This post was originally written 2/13/2009 but never published.
I’ve always longed to live in the country, to have trees and natural vegetation as my neighbors. Living in tight clusters of homes where one’s neighbor is so close it feels as though one shares a common patio or garden. This may be fine for a lot of people however for myself I’ve always enjoyed a bit of freedom, cherished my elbow room.
Little less than
On the other side of this mini mansion sets the original homestead of the farmer who had subdivided this acreage, his was a humble house made of raw wood clapboards. Weathered and gray this homely little house sat low on the land, crouched under the large trees that attempted to protect it and fitted the landscape well. Trucks and tractors littered the farmer’s property...after all he is still a working farmer...had watermelons for sale just last summer...$3 apiece ! So, for myself, no mini mansion. I wanted to feel like I belonged here, a part of the area not apart from the area.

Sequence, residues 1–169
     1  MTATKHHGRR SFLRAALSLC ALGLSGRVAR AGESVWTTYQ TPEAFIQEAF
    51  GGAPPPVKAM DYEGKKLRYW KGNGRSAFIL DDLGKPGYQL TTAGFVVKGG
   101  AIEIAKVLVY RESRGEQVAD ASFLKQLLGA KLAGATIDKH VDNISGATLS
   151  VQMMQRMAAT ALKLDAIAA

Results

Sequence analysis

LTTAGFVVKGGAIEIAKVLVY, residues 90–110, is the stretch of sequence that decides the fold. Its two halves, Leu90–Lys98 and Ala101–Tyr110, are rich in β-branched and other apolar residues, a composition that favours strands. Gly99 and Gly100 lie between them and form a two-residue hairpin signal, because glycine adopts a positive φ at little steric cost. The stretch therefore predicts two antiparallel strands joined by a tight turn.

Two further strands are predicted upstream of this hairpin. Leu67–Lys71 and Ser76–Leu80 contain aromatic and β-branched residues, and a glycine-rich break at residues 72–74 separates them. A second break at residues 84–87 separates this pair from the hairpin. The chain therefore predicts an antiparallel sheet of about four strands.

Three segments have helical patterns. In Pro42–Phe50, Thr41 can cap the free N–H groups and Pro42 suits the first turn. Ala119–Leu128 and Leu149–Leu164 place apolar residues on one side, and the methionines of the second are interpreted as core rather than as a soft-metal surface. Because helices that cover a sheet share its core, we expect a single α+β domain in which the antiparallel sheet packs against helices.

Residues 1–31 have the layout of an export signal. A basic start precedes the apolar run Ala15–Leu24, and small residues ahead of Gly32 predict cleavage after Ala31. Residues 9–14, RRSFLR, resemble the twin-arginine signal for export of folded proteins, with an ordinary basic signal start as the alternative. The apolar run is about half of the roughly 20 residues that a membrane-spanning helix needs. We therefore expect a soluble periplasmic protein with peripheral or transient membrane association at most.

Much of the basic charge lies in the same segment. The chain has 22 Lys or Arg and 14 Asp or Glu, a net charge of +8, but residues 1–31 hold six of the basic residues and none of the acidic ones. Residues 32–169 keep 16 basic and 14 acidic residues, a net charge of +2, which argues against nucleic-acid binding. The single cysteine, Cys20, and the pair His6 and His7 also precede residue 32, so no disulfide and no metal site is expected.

Every day that we lingered in our rental unit, I longed to be able to look outside a window, any window, and not view the wall of a neighboring home. Our patio practically butted up against the property line where a stark white fence divided the two backyards and afforded some privacy but also gave a foreboding sense of confinement. Nothing to look at as we sat out on the patio...only the bland white fence...not a tree, or a garden...hard to have a garden with little less than an 7 foot stripe of land between the patio and that imposing fence ! My only consolation was that it was not our home, it was only a rental and soon we could walk away from it.
When our small house was at last completed and we received our "Certificate of Occupancy" it was cause for celebration. John popped the cork on a bottle of champagne and we toasted our new home, our property, getting out of that claustrophobic neighborhood and most of all toasted having a view and some breathing space. Liberation! Viva la liberation !